The ginseng root’s resemblance to the human body has given it special significance in some cultures. Drginseng via Wikimedia

The word Panax comes from the Greek for “all-healing,” from which the Latin word “panacea” was derived. According to the Pennsylvania State Extension, this genus includes some of what is considered “the world’s premier panacea-adaptogen-tonic plants,” which means it provides a cure-all that enhances adaptation to stress and improves strength and well-being.

Asians have long used Asian ginseng (P. ginseng) and Siberian “ginseng” (Eleutherococcus senticosus, which is not actually a ginseng but shares some of its medicinal properties), but their medicinal effects differ from American ginseng, according to NIH. Asians have added our American counterpart as a complement to their native species.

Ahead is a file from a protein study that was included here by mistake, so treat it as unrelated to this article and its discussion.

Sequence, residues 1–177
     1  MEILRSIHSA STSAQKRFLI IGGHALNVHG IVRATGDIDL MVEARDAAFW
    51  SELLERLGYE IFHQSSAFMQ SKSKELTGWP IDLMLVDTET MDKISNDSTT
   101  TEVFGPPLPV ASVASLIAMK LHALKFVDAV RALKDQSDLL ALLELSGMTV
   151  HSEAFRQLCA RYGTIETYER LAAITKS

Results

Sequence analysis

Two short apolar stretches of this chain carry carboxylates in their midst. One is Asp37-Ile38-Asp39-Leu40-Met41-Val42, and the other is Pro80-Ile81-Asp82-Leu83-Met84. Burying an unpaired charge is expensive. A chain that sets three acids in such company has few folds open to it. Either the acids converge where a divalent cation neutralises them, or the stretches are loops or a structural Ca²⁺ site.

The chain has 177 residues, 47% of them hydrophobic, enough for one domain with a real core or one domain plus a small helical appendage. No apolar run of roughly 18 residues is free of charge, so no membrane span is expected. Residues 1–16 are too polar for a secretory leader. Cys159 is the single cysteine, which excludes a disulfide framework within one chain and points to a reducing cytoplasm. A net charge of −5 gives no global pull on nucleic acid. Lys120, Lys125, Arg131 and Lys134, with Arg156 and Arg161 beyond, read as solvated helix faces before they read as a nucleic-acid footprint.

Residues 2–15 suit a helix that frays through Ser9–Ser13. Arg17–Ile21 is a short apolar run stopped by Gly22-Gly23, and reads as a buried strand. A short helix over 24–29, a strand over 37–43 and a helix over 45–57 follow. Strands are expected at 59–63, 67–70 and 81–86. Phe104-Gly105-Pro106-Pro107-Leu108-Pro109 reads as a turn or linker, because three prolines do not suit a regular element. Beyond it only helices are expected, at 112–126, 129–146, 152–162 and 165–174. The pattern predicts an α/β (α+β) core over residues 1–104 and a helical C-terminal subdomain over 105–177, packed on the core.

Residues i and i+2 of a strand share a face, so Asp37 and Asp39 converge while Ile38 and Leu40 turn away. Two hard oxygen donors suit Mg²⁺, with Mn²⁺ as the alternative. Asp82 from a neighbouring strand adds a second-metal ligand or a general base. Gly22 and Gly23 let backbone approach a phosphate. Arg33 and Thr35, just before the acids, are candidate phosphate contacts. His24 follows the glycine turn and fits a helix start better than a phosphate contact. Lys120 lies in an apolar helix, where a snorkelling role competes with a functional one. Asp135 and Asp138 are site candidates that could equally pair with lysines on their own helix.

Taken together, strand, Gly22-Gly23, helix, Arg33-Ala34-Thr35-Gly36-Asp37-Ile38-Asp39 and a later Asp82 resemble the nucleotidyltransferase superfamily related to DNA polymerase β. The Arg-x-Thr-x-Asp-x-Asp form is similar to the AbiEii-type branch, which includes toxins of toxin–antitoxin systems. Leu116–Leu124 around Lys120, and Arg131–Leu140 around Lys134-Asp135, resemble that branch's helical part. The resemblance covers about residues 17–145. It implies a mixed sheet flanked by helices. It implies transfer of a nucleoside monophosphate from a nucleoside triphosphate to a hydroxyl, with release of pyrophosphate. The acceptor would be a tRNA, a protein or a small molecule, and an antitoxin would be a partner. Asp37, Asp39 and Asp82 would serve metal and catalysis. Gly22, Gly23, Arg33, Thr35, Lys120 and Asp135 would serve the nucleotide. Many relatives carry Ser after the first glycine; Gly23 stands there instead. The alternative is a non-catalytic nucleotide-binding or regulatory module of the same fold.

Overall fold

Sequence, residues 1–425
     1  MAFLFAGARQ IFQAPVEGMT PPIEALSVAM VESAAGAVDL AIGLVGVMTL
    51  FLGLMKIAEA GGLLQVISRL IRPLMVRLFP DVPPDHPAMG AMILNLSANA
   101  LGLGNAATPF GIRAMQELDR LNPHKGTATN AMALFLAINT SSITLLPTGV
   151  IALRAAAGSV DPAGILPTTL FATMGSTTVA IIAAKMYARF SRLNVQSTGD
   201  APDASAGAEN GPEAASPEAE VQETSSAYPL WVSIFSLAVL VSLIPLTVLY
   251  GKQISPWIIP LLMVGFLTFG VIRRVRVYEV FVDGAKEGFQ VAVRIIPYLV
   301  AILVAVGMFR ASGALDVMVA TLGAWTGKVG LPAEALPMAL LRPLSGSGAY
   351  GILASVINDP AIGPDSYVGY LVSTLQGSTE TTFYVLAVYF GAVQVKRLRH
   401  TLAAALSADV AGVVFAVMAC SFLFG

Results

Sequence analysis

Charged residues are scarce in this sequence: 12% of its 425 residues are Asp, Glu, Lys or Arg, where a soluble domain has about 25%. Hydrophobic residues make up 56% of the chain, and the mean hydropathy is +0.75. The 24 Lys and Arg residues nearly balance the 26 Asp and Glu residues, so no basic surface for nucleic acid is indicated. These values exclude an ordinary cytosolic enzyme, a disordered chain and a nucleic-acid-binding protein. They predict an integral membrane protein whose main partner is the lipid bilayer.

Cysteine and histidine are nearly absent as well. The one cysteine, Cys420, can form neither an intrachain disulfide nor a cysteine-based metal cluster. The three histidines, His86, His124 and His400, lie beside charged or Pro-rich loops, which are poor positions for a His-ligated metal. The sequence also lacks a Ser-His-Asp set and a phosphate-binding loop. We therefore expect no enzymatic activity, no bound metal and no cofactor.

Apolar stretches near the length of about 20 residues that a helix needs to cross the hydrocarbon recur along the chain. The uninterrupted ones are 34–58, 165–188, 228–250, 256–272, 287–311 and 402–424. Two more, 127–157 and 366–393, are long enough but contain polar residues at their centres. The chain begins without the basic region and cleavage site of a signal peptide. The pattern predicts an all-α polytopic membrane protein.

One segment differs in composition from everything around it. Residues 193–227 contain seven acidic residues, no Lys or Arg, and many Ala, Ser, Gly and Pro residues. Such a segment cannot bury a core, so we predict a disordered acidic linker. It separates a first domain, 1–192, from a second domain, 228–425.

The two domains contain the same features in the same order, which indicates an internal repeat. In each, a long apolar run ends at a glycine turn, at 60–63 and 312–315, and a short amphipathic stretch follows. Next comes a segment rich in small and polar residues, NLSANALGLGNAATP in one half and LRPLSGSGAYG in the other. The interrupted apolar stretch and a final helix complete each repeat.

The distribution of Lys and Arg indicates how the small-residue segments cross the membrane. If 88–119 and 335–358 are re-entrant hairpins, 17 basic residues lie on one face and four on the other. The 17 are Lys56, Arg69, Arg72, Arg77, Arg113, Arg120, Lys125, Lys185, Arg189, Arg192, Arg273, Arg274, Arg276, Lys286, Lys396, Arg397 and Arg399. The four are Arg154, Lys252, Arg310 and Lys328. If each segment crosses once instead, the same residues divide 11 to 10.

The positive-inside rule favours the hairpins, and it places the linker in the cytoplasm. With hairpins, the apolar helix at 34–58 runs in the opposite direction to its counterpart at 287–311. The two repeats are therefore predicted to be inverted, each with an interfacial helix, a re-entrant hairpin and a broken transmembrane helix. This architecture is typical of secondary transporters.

The chemical constituents believed to be most responsible for the beneficial properties of ginseng are known as ginsenosides, which are believed by some people to be more highly concentrated in wild stock than in farmed varieties, according to PSE.

Although American ginseng has been used for an exhaustive list of medicinal purposes in North America dating back to before Europeans arrived, is it really effective?

According the National Institutes of Health, the Natural Medicines Comprehensive Database, which rates the effectiveness of natural medicines on the basis of scientific evidence, finds that American ginseng is “possibly effective” for diabetes and respiratory tract infections and “possibly ineffective” for improving athletic performance, and that there is “insufficient evidence to rate” the plant for a host of other medicinal purposes that it is used for.